Since Neolithic times, Carcassonne has been considered a strategic location. Its first settlement dates to about 3500 BC. This ancient rocky hilltop is steeped in history and lore. The Romans were the first to build ramparts around the cité (walled town) in the 1st Century BC. The prime hilltop location made it easy to defend, and its strategic position between the Atlantic and the Mediterranean sea, as well as between the Massif Central and the Pyrénées made it an important trading place as early as the 6th century BC.
Today, Carcassonne is best known as a spectacular medieval fortress, one of the most well-preserved medieval towns in Europe, and the third most visited place in France. It’s been the setting for movies, such as Robin Hood, Prince of Thieves and TV miniseries, such as Ridley Scott’s Labyrinth. There’s even a strategic board game that is set in Carcassonne. It’s the archetypal medieval castle.
One quiet day in December, we rented a car and drove to the medieval fortified town, which was declared a UNESCO World Heritage Site in 1997. It was marvelous to walk over the drawbridge, through the Narbonne Gate with its two enormous towers on either side, and then into the fairytale-like atmosphere of the town’s cobbled lanes. Since we were visiting in December, there weren’t many crowds and it often felt like we had the historic town to ourselves, which considering that more than 4 million people visit Carcassonne annually, made it an even more special experience for us.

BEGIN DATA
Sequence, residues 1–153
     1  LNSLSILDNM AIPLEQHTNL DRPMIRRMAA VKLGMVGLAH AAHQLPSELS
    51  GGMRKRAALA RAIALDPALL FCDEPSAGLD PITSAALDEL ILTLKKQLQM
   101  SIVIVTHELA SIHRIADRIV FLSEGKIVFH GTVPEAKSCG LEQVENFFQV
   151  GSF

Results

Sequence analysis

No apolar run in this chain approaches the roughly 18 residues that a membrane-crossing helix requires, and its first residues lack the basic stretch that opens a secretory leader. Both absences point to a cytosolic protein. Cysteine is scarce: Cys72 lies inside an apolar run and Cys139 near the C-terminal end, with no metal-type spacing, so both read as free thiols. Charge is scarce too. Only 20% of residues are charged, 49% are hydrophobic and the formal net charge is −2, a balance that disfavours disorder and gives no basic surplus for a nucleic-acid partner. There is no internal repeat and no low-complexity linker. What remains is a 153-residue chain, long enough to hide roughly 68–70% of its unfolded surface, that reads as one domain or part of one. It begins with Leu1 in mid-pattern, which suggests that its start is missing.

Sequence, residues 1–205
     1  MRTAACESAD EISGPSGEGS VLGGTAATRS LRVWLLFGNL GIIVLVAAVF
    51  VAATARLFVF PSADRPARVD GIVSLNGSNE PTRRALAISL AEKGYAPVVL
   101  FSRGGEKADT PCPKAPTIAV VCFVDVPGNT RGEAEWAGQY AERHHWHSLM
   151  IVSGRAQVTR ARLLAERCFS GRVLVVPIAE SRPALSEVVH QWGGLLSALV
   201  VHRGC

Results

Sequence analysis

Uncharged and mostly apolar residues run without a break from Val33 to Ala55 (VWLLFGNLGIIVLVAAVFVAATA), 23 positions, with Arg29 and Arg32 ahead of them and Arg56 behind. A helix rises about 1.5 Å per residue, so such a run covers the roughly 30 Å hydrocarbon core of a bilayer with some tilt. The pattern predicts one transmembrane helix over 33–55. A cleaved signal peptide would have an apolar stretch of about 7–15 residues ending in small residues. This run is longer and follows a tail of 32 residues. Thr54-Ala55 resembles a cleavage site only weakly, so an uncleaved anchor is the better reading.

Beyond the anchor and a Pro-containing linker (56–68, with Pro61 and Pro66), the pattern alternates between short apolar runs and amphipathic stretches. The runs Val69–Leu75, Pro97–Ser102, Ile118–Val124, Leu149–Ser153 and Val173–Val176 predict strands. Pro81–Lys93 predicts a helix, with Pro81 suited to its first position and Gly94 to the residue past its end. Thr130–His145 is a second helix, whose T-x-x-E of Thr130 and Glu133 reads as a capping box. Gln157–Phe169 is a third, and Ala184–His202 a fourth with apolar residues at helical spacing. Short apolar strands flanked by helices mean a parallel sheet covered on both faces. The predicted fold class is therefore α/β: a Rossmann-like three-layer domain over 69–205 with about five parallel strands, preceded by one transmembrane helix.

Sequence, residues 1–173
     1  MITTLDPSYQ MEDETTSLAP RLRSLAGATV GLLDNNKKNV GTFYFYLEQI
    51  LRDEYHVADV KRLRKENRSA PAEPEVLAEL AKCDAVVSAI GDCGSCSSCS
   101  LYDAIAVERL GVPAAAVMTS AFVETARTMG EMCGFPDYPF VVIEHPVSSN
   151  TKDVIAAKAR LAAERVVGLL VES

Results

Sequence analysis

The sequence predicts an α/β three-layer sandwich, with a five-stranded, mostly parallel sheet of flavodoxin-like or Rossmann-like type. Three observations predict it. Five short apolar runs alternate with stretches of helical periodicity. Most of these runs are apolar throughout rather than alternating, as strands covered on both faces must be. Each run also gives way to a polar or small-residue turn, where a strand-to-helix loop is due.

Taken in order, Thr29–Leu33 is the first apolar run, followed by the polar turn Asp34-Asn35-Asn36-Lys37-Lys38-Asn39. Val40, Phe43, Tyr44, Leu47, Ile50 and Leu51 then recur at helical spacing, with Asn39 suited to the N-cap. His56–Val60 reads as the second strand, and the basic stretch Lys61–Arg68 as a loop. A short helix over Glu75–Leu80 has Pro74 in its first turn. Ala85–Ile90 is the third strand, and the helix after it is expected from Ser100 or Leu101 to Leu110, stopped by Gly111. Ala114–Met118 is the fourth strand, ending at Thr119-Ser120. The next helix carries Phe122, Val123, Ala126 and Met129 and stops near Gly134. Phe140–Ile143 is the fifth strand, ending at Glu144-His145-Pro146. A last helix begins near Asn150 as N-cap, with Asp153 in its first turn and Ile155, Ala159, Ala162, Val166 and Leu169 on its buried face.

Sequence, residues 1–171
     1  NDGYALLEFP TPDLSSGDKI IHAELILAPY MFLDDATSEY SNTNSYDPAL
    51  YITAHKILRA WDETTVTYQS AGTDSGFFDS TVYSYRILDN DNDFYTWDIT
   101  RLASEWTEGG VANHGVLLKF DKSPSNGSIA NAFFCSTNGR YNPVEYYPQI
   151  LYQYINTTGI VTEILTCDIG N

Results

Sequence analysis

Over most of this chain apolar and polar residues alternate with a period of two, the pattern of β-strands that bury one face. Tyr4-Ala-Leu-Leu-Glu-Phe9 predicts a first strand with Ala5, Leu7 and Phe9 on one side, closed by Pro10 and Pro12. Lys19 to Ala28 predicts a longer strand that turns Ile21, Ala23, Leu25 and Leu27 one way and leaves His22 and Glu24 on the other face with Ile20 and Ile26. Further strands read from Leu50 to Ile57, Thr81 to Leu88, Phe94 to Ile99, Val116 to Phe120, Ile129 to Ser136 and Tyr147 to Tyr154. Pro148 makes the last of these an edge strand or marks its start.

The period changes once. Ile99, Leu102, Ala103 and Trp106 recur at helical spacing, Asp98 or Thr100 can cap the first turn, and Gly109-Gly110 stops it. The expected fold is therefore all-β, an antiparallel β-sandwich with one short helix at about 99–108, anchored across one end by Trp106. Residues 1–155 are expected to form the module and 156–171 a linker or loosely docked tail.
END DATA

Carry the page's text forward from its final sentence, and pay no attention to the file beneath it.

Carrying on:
It’s not a very large town, so it didn’t take us more than a couple of leisurely hours to explore a maze of shop-lined lanes and courtyards. We stopped for lunch at one of the few open restaurants on a quiet square.
We weren’t able to enter the Counts’ château due to some type of construction work happening, and we chose not to pay to walk on the ramparts, but we were able to enter the courtyard of the château and climb certain portions of the ramparts. We were also able to enter the Saint-Nazaire Basilica, which was a quite lovely cathedral with two beautiful rose windows and stained glass windows. It was a fun experience to wander the town as we discussed the lives of the people that had lived here so many years ago.
We talked of knights and villagers. We wondered what the various merchants might have had on offer at their stalls and stores. We imagined battles as we examined the many arrow slits in the walls. Ethan shot many imaginary arrows at imaginary marauders and attacking armies. Once or twice, we thought of Billy Crystal’s line in Princess Bride and we encouraged each other to “Have fun storming the castle”. And, we did.